Planning Inspector rejects developer’s appeal on Hartley flats

After nearly a decade of profit-hungry developers being allowed to build too-small flats in too-large blocks in Croydon’s leafy suburbs, a government official has finally pointed out that this does nothing to help the housing crisis. By BARRATT HOLMES

Out of order: how the Planning Inspector dismissed the appeal for overdevelopment on Hartley Down

Residents in Purley are this week celebrating a minor victory in their constant struggle with profit-hungry developers, after the government’s independent Planning Inspector dismissed an appeal against the rejection of planning permission for a five-storey block of flats on Hartley Down.

Even the developer’s belated offer to make the vast building have a “Tudorbethan” appearance (yep, they really did use that word) was not enough to sway Inspector DR McCreery.

But the Inspector’s findings might offer some support and solace for those residents, and their residents’ associations, in their continuing campaigns against the developer-friendly council’s planning department and the destruction of their suburban streets and neighbourhoods, block by block.

The Inspector found that the proposed nine-flat block failed to meet several of Croydon Council’s own planning policies and London housing policies – raising the very reasonable observation that the same could be applied to dozens of similar recent developments which have been waved through by the council’s planning department without any hindrance.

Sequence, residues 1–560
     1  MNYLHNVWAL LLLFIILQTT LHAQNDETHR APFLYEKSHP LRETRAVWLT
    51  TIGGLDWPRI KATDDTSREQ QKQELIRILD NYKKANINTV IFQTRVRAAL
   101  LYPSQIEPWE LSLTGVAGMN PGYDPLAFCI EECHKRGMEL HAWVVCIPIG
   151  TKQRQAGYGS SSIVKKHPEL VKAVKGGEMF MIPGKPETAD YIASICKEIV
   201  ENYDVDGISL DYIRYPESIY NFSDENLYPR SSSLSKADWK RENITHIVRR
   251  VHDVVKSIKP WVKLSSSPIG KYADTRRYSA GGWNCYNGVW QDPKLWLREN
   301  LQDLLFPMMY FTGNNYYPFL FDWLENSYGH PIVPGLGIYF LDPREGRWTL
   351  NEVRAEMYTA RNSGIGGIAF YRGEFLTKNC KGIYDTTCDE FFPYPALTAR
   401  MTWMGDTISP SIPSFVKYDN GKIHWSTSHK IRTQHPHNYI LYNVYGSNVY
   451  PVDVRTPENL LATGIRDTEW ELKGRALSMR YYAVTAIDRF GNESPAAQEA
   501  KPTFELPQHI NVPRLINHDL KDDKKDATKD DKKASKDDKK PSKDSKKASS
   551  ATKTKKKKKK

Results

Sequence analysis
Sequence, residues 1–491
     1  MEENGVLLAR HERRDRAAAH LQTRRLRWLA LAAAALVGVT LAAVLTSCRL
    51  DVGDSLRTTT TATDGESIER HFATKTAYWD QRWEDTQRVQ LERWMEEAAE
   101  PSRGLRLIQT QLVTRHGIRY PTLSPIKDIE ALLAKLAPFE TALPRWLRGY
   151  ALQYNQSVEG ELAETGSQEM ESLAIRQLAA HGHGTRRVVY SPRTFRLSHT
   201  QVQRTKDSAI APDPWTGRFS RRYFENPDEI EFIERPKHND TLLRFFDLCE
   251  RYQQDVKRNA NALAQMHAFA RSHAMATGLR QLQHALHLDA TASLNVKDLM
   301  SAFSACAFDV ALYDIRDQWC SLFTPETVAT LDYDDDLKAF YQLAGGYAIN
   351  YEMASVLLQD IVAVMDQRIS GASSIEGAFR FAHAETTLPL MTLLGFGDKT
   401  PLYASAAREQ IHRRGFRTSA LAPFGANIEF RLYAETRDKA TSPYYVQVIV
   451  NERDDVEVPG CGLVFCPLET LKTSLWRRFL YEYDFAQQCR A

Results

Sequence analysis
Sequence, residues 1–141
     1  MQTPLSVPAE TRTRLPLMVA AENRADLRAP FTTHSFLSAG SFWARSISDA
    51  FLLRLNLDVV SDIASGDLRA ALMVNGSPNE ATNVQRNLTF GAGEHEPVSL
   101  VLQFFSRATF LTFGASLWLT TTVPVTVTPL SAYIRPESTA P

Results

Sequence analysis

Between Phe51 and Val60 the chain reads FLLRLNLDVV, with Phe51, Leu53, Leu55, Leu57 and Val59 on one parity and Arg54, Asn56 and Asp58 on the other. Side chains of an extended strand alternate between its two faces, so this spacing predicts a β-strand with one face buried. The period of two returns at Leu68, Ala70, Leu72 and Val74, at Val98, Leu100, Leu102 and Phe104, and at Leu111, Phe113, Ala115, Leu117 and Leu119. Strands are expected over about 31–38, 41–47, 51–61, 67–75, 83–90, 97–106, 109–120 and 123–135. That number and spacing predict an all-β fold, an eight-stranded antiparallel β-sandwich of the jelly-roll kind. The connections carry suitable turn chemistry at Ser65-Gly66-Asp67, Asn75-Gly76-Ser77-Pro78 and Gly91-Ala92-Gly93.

“The scale of development proposed in this instance would lead to demonstrable harm to the character and appearance of the surroundings,” states the Inspector’s report on the scheme proposed for 6 Hartley Down by Buxworth Homes.

“As such, I do not regard the proposal to represent appropriate densification.”

Five-storey behemoth: the architects might hide their monster block behind mature trees, but nothing can mask its ugliness

In July 2020, Buxworth had sought – and paid for – pre-app planning advice from the council.

They wanted the planners onside for their money-spinning scheme to demolish the existing modest bungalow and erect a block of nine flats – three one-beds, four two-beds and two three-bed room homes –  and with undercroft access to parking at the rear. By proposing only nine flats, the developers had no legal requirement to include any less-profitable “affordable housing” in their scheme.